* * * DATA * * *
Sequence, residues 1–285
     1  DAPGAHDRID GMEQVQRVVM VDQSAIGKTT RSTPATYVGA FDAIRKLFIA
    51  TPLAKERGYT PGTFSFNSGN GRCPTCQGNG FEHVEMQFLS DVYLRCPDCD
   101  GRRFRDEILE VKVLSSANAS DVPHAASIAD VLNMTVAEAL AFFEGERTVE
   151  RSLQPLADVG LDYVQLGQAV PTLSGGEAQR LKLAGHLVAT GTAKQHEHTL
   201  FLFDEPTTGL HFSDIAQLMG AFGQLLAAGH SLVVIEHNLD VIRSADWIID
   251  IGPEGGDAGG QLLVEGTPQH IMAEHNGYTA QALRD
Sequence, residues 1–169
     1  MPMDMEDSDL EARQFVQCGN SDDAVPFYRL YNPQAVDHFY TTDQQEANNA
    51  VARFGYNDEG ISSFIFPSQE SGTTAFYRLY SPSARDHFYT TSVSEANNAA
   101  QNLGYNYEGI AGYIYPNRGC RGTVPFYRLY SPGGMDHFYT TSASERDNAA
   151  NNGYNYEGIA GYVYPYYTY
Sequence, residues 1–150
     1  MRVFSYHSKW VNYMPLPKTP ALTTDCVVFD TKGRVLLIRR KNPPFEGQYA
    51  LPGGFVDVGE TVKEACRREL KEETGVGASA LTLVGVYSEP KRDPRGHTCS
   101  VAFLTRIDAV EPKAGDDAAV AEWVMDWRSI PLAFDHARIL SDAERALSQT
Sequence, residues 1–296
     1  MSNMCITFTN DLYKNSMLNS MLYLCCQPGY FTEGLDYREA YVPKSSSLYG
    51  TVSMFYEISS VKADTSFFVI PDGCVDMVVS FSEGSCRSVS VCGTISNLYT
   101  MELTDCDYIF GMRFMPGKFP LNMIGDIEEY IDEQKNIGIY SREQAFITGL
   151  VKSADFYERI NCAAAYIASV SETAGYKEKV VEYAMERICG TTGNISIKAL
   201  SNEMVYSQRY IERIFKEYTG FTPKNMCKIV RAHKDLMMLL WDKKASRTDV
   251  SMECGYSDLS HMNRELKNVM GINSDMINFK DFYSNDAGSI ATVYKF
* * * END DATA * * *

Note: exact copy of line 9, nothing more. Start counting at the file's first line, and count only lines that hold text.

     1  MPMDMEDSDL EARQFVQCGN SDDAVPFYRL YNPQAVDHFY TTDQQEANNA